When Sybrina Fulton was asked to return to Sanford, Florida, the city where her son Trayvon Martin was fatally shot in 2012, she remembers refusing.
“I’m never coming there,” she says in the new documentary series Rest in Power: The Trayvon Martin Story. Fulton could barely brush her teeth or comb her hair â how could they ask her to set foot where her son died?Â
But then something changed inside her. That transformation is documented in the first episode of Rest in Power, thanks to footage from her sister’s phone.Â
“I don’t want this to be swept under the rug,” she says. “I want people to be aware of what’s going on.”Â
The highly anticipated series, produced by Jay-Z (aka Shawn Carter) as well as Trayvon Martin‘s parents, tracks American race relations starting with Martin’s death up to our present moment with the rise of Donald Trump and white nationalism. The series is based on a book Martin’s parents wrote and published together last year called Rest in Power: The Enduring Life of Trayvon Martin.Â
The series’ release comes six years after the death of Martin, who was 17 and unarmed when he was shot by George Zimmerman. Charged with second-degree murder, Zimmerman was ultimately acquitted on self-defense grounds, a decision that sparked the Black Lives Matter movement in 2013. The documentary explores how the case unfolded as well as subsequent the backlash against Black Lives Matter activism.Â
“We wanted to show people how laws are written, what is the motivation behind these laws, and who they benefit.”Â
The phrase “” is a term used to describe deaths that are considered unjust, and which may give rise to a protest or social justice movement. The film Rest in Power focuses on “” laws, which were the basis of Zimmerman’s legal defense. Such laws, which are on the books in , give a person the right to use “deadly force” if they reasonably believe their life is threatened.
Though the documentary series is poetic and emotional, it’s also thoroughly educational.Â
“We were given an opportunity to dig deep into Trayvon Martin’s story and show the context around his trial,” says Julia Willoughby Nason, an executive producer and co-director of the series. “We wanted to show people how laws are written, what is the motivation behind these laws, and who they benefit.”Â
When and how do I watch it?Â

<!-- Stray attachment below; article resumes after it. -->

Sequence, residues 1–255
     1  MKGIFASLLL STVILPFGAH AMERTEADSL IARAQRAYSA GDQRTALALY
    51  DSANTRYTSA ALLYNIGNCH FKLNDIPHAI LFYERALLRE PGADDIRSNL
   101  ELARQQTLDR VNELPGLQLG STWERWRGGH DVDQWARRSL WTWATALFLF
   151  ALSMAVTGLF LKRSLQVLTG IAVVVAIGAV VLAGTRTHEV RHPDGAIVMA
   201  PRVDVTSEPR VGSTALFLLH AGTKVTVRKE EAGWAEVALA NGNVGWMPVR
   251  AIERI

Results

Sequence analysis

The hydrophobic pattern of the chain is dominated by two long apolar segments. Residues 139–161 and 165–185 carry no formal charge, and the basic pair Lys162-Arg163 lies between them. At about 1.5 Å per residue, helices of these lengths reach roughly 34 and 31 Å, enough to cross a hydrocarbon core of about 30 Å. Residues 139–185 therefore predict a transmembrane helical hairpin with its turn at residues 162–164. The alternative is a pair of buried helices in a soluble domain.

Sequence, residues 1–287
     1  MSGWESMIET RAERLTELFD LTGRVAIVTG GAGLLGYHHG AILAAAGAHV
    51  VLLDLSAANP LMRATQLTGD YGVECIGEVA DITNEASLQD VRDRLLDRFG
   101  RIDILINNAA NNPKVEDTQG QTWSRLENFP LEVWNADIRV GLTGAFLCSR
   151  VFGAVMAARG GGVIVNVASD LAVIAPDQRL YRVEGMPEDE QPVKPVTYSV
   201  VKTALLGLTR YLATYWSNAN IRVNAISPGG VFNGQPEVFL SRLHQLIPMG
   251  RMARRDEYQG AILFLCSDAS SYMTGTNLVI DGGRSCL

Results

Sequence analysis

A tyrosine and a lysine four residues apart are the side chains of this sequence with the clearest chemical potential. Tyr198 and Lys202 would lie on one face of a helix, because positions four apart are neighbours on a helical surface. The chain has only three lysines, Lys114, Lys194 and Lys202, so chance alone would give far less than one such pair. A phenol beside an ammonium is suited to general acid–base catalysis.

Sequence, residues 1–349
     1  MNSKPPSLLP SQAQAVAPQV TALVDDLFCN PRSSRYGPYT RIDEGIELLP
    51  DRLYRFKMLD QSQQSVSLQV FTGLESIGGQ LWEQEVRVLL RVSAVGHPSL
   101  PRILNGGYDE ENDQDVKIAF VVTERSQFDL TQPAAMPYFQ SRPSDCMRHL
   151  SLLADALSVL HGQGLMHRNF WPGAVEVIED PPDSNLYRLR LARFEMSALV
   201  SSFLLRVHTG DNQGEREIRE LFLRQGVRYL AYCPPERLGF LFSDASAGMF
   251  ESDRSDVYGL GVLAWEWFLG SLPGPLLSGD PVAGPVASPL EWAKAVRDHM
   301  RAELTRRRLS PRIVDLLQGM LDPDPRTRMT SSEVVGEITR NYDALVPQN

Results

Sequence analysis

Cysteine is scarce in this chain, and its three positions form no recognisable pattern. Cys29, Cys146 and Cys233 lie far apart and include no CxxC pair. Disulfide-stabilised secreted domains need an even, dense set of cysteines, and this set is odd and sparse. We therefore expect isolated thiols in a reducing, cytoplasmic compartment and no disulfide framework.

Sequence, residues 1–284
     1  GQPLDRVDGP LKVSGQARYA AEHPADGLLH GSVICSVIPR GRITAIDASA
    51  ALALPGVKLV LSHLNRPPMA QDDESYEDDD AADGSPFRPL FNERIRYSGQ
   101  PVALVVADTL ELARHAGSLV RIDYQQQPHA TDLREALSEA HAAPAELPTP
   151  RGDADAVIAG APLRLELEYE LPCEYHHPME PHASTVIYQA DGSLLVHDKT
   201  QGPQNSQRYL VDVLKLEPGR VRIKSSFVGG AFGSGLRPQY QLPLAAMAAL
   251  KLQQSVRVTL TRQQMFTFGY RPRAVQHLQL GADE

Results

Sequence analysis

The documentary series is airing on Paramount Network and the BET website. Paramount lets you stream it for free, though there are advertisements. For BET, you have to be subscribed to a cable network that includes the channel in subscription. You can then use your cable login to gain access to the full episode on the BET website.
The first episode aired on Monday, July 30th at 10:00 p.m. ET. The remaining five hourlong episodes will air every Monday night through September 3, 2018.Â
What role did Trayvon Martin’s parent’s play in the film?
Sybrina Fulton and Tracy Martin were integral parts of the documentary. Not only is the film is based on their book, but it’s largely narrated from their point of view. In the film, Fulton and Martin share memories of their son, explain how they felt when they learned of his death, and outline their reasons for becoming activists.Â
It’s perhaps this element â the directors’ decision to center Martin’s parents and family â that makes the film so powerful.
Who are the filmmakers?
Julia Willoughby Nason and Jenner Furst co-directed the film. The two worked together before on Time: The Kalief Browder Story, a Netflix film about a 16-year-old African-American boy who spent three years in jail despite never being convicted of a crime. A full list of their work is available through The Cinemart, a creative firm Nason and Furst started together.
In an interview with the New York Times, Jay-Z explained that his interest in the film stemmed from his belief that the problems that led to Martin’s death are still not well understood.Â